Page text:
Video: Webb telescope will alter view of cosmos, thanks to a Northeastern graduate

galaxies in space
Photo: NASA

The stars were out to shine on Tuesday as NASA revealed the first full-color images taken by the James Webb Space Telescope, the largest and most powerful telescope ever sent into space.

Galaxies engaged in a cosmic, gravitational dance, dying stars ejecting gas and dust, active black holes and a star being born in the Carina Nebula: The five images revealed Tuesday show the vastness of space with an unprecedented level of detail. And one Northeastern alum is partly to thank for that.

In 1976, Robert Gonsalves, a former Northeastern electrical engineering professor and Ph.D. student, wrote an article on an imaging technique known as phase retrieval, which helps fix flaws in imaging devices, similar to an autofocus on modern cameras or a prescription for glasses. It was a novel idea, but he never thought the idea would escape the bubble of academia.

“It was totally useless for the next 15 years––useless until it wasn’t,” Gonsalves said.

NASA launched the Hubble Space Telescope in 1990 with a warped mirror that produced low quality images. In its search for solutions, NASA contacted Gonsalves and ended up recruiting him to fix the telescope using phase retrieval. Within two months, Gonsalves had devised a prescription for the telescope. Almost 20 years later, in 2008, NASA contacted Gonsalves again, this time to help with its still-in-development James Webb Space Telescope.

“They were calling me the father of phase retrieval, and I would say, ‘No, I’m the grandfather,’” he laughed.

Now, 46 years after Gonsalves wrote a paper that he thought would collect dust in an academic journal, his ideas have helped produce the most detailed images of outer space in history. And Tuesday’s reveal is just the beginning of the telescope’s scientific operations, which could completely alter humanity’s understanding of the universe and spark the dawn of a new era in astronomy.

“We’re going to fill in this region of cosmic time that we really don’t understand,” Jonathan Blazek, Northeastern assistant professor of physics, said. “I think in the next five years we’ll have a fundamentally different understanding of early galaxies and stars that we just don’t have now.”

Webb’s First Deep Field was the first photo from the James Webb Space Telescope that NASA revealed. It shows a galaxy cluster, SMACS 0723, and captures the faintest objects ever observed in the infrared spectrum. Photo: NASA

The Webb telescope features a more than 21-foot gold-plated beryllium mirror that is designed to capture infrared light, which is invisible to the human eye but is able to travel billions of light years across the universe. Using the infrared spectrum, the telescope can spot light from the earliest moments of the universe, just after the Big Bang.

The first images captured by the Webb telescope take full advantage of tools like the telescope’s Near-Infrared Camera. On Monday, President Joe Biden unveiled the first image: a deep field image of galaxy cluster SMACS 0723. Although the image captures only a slice of the universe––a patch of sky the size of a grain of sand held at arm’s length––it is teeming with stars and galaxies.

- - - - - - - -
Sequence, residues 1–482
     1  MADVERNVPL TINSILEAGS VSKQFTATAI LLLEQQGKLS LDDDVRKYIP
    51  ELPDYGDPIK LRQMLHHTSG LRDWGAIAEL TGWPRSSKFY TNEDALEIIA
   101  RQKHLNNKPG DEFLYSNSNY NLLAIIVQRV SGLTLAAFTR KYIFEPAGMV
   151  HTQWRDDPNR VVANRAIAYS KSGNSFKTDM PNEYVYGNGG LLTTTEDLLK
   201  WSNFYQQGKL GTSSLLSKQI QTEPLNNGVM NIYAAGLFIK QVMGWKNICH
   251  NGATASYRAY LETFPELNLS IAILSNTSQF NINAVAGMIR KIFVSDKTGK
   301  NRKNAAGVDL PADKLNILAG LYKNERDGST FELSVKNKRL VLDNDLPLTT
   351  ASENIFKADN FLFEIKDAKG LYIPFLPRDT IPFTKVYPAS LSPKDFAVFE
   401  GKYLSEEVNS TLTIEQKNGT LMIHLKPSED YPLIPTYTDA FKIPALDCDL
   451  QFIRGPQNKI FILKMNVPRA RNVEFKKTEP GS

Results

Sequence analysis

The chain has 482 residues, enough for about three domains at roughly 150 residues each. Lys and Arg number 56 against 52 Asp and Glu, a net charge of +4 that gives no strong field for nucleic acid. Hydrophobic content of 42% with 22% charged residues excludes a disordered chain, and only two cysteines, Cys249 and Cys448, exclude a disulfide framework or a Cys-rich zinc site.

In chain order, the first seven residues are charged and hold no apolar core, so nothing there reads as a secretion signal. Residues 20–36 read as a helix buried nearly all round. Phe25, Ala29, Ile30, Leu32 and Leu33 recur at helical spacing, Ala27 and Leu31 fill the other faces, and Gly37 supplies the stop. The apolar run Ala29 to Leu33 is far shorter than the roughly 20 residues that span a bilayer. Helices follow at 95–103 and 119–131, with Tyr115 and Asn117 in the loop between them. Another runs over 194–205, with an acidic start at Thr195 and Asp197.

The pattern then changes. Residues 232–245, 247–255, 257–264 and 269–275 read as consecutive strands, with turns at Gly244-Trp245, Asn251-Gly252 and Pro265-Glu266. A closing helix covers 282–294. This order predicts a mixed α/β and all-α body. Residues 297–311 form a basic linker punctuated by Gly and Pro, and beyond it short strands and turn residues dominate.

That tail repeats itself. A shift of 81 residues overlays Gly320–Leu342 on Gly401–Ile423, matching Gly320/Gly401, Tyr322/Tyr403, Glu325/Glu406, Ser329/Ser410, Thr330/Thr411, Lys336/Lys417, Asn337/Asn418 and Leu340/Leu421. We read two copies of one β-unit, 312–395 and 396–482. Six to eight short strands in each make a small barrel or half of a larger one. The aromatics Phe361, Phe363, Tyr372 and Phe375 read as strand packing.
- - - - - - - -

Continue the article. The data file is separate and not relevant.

“To go from an exoplanet and when a star forms and how a star dies and the galaxy fairly early on, all these things Webb can do and all this means that Webb can take very high-quality image, high-quality data,” said Dacheng Lin, Northeastern research associate professor of physics. “They can make a breakthrough on all these things.”

At the time it launched, the Hubble Space Telescope was one of the largest and most advanced space telescopes ever created, but the Webb telescope is an upgrade in every conceivable way.

“Those [Hubble] images remain incredible, but going from Hubble to Webb, it’s like going from standard def to high def television,” Blazek said.

Ian Lauer, an astrophotographer, said the impact of the first Hubble images was seismic and that “the implication of James Webb is it’s going to be like that but more.”

“Seeing that this tiny, tiny, little piece of sky contained thousands and thousands of galaxies just like our own, it completely changed our perspective of our place in the cosmos,” said Lauer, who worked in the telescope industry. “To me, that’s so beautiful. … It’s going to inspire so many people in ways we can’t yet understand, and that’s the most exciting part about it.”

The Webb telescope successfully launched on Christmas 2021, but it was a long journey just to get it off the ground. A joint effort between NASA, the European Space Agency and the Canadian Space Agency, the Webb telescope has been in development for more than two decades.

For Blazek, the end result of all that work will have long-lasting ramifications.

“For the people who are trying to find the very first stars and the very first galaxies, there’s just going to be a flood [of data],” Blazek said.

However, the Webb telescope’s most important contribution could be its impact on the study of exoplanets, planets outside the Solar System. One of the images NASA revealed this week was a spectrum of an exoplanet’s atmosphere. The telescope captured not only evidence of water but clear signs of clouds and haze in the atmosphere around the hot gas giant WASP-96 b.

“It doesn’t have quite the same flash as some of these other pictures, but it’s likely to be one of the legacies of Webb that’s most important,” Blazek said.

Looking at these groundbreaking images, Gonsalves is thinking about his own legacy: how the work that started at Northeastern has gone above and beyond what he ever could have imagined.

“This is almost like a justification of my life’s work,” Gonsalvez said. “I’m thrilled that it’s being done.”

For media inquiries, please contact Ed Gavaghan at or 617-373-5718.